“This is the first step in addressing critical facilities needs in Bengal athletics, and it represents a commitment to meeting the needs of a Division I athletics program in the proper way,” said ISU Athletic Director Pauline Semons Thiros. “Track and field will once again host meets, which alleviates some travel costs and missed classes, and puts a good foot forward for ISU in the Big Sky Conference."

She continued, "Soccer is once again eligible to host championships, it improves the experience for spectators, and the venue will do much better at meeting the needs of both programs for practice and training. The project is a tremendous step forward for ISU.”

Pocatello Mayor Brian Blad spoke during the press conference on Tuesday and praised ISU for improving Davis Field.

“This is so exciting to have this kind of announcement and this kind of event happening today in Pocatello,” Blad said. “It just shows the commitment Idaho State University has to our community.”

Though ISU's soccer team uses Davis Field for home matches, the last time ISU hosted a track and field event outdoors at the facility was in 2007. Since then the ISU track and field team has made Holt Arena its home venue. Once the Davis Field improvements are completed that will obviously change.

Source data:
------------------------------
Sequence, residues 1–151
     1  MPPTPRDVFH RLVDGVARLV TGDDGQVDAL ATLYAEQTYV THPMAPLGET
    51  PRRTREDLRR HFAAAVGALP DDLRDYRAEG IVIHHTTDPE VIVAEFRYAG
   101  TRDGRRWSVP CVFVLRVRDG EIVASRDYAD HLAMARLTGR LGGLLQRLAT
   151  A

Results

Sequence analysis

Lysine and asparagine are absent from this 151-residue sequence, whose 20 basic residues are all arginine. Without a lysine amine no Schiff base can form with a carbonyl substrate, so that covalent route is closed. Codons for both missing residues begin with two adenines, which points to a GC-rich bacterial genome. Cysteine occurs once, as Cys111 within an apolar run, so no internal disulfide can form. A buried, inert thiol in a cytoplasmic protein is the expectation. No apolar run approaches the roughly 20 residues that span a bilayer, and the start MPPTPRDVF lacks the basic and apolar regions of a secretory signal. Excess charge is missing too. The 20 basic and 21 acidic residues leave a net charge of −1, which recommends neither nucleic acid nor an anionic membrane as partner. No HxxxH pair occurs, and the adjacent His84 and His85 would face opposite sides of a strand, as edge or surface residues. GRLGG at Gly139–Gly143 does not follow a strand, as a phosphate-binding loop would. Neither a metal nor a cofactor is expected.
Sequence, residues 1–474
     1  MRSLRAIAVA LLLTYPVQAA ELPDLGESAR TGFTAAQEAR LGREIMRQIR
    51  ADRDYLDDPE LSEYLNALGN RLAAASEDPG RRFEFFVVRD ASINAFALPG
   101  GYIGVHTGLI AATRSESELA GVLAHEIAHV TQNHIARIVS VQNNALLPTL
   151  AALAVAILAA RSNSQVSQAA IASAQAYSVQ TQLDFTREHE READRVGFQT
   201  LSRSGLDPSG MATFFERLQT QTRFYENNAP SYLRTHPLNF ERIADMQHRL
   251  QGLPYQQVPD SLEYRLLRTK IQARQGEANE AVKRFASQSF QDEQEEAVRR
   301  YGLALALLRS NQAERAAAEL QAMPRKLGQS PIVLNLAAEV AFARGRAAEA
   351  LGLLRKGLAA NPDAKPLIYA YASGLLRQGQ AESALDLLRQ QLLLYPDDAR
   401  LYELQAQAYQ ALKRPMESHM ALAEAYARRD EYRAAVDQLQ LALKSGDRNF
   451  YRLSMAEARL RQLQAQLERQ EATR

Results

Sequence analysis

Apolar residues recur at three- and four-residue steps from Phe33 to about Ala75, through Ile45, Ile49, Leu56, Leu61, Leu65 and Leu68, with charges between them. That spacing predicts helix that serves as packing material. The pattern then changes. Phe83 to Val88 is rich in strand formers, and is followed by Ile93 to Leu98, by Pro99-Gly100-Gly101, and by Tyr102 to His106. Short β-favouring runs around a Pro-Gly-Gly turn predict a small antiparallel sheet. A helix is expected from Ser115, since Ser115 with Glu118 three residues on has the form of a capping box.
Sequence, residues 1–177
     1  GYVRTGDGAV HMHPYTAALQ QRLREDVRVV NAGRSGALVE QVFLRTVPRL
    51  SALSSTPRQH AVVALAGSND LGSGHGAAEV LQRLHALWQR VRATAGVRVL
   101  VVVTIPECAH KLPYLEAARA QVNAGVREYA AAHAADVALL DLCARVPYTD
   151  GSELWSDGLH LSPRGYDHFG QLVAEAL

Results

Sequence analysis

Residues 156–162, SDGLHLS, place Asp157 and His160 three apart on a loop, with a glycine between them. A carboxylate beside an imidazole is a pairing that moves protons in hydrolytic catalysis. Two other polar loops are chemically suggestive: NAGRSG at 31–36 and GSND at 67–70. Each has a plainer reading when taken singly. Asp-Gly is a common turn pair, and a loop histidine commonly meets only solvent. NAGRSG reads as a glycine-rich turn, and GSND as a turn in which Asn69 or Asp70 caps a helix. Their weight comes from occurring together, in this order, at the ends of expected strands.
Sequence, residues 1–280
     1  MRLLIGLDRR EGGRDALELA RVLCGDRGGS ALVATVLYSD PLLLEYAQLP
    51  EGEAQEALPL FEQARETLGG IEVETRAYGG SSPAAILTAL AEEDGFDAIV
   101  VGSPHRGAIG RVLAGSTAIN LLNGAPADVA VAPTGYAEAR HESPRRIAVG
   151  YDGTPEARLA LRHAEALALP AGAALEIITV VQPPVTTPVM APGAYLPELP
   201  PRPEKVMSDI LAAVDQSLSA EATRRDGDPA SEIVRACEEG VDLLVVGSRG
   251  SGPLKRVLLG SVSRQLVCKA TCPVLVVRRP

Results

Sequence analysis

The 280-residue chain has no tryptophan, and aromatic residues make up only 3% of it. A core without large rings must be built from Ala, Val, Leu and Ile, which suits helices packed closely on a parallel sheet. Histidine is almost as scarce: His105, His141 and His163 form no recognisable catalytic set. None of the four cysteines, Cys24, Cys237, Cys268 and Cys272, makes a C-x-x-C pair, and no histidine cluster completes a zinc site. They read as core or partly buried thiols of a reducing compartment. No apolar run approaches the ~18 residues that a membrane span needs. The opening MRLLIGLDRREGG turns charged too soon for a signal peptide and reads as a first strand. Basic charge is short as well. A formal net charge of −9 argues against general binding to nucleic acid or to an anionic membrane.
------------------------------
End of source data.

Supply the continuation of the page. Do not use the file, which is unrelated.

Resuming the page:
Originally named the Spud Bowl and constructed in 1936, Davis Field was renamed after William E. "Bud" Davis, ISU's president from 1965 to 1975.

“Nearly 90 years ago, construction began on the original Spud Bowl, one of the first federally funded projects at Idaho State,” Satterlee said during Tuesday's press conference. “Imagine, right here where we are standing right now, teams of workers and horses leveling the dirt and building rock walls — most of the rock quarried from stones taken right here behind us off of Red Hill. The iron gates … were designed by one of our own, Abe Lillibridge, an engineering instructor whose name is now on our engineering building.”

Satterlee added, "In 1936, this venue became the home of Idaho State football. Standing here I can’t help but imagine the impact this venue has had on generations of our students. Davis Field is home to countless memories, victories, accomplishments and traditions."

Moreover, Satterlee said Davis Field was the site of the first live television broadcast of a college football game.

Satterlee said, "It was at this location in September of 1941 where a group of our own students designed and built a transmission and receiving system for a television broadcast. The first ever broadcast (of a college football game) from a school campus was from this location. It was also the first ever live television broadcast done west of the Mississippi River.”

Not only will the upgrades benefit ISU student athletes, the improvements will also provide the community with a state-of-the-art outdoor venue to host athletic and community-oriented events.

“We will have a facility that everyone can enjoy and be proud of,” Satterlee said. “Make no mistake, today is about much more than all of that combined. Today, we embark on a mission as a university to reinvest in ourselves. Idaho State University is investing in our future and that investment starts here today.”

Reporter Shelbie Harris can be reached at 208-239-3525. Follow him on Twitter: @shelbietharris.